A 90-minute drive from Melbourne, the former gold-rush town offers rich pickings for thrifters, trail riders and coffee lovers. By Emma Mulholland.
For a taste of Castlemaine’s famed boho life, check in to the super-eco, rainwater-fed Riversdale Retreat in Chewton (airbnb.com.au), 15 minutes’ drive from the centre of the town. Short-listed for a coveted World Architecture Festival Award, the house is scattered with Japanese elements, including a tatami area for quiet contemplation. Outside, there’s bushland and roos and a firepit begging to be lit.
But where to for dinner? Drive to Castlemaine’s The Mill dining precinct (millcastlemaine.com. au) for woodfired pizzas at The Taproom, a brewery co-owned by ex-Hunters & Collectors drummer Doug Falconer. Stick around for live music after 8pm.
In need of a delicious pickme-up? On your way to Harcourt’s mountain-bike trails, swing past Johnny Baker’s DriveIn patisserie (johnnybaker.com.au) where tattooed, bearded bakers turn out exquisite treats and cracking pies. Order the frankfurt croissant, made with Belgian butter and a snag from Castlemaine’s own fleischermeister, Ralf Fink.
Opened in March, the 11 bike trails at La Larr Ba Gauwa Park (lalarrbagauwa.harcourt.vic.au) are prized for their bush views. The 2.3-kilometre Wanyarra track is ideal for first-timers (you can hire gear at the Castlemaine Visitor Information Centre; maldon castlemaine.com.au).
Afterwards, tuck into a classic Wiener schnitzel at The Mill’s Das Kaffeehaus. Co-owner Elna Schaerf-Trauner has re-created the Viennese coffee houses of her youth, where intellectuals would gather to talk politics. Before you leave The Mill, call into Castlemaine Vintage Bazaar, a store the size of four basketball courts, brimming with well-travelled luggage, kitschy tea towels and all things macramé.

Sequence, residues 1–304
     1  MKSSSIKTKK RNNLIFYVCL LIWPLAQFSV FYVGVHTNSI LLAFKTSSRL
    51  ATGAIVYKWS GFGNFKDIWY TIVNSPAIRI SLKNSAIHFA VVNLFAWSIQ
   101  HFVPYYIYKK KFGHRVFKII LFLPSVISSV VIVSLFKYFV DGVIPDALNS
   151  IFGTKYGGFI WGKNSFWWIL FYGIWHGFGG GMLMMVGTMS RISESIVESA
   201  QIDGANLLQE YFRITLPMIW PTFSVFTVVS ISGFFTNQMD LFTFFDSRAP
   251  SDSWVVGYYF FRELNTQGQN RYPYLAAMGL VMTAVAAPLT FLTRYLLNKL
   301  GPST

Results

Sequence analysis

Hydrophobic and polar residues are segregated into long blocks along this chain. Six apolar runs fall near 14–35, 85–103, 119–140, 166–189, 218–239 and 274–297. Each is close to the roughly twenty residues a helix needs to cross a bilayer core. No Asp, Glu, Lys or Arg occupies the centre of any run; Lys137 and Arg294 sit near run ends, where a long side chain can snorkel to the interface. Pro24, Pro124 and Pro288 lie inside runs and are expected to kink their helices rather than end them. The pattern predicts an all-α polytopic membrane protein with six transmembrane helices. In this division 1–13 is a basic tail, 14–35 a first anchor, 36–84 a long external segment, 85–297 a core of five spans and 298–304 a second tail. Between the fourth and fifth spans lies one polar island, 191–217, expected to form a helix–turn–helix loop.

For dinner, take a seat by the fire at the Railway Hotel (railway hotelcastlemaine.com.au) and order the pork belly with pickled cabbage. With its wooden bar, velvet curtains and pool table, this English-style pub is beloved by locals (to blend in, be sure to pronounce the “castle” in Castlemaine like “hassle”).
If the weather is playing along, take breakfast on the rooftop at the cheery Togs Cafe (togscafe.com.au), housed in old goldminers’ cottages on the town’s main drag. From there, it’s a fiveminute drive to the Shades of Gray gallery (shadesofgray.net.au), where sculptors Peter and Chelly Gray work magic with reclaimed metal (in the ’90s, their pieces were shown at New York’s Guggenheim Museum). It’s open on weekends in November and December.
The real world awaits but you can swing by Bress winery (bress. com.au), a patch of provincial France in Harcourt, 15 kilometres away. Linger over a chardonnay, created in collaboration with Bress’s sister winery in Burgundy, or settle in for osso buco at a long, lazy lunch in the sun – the way Sunday lunches are meant to be.
(From top) Das Kaffeehaus at The Mill; Johnny Baker’s excellent fruit tart; Castlemaine’s original fire station; Bress winery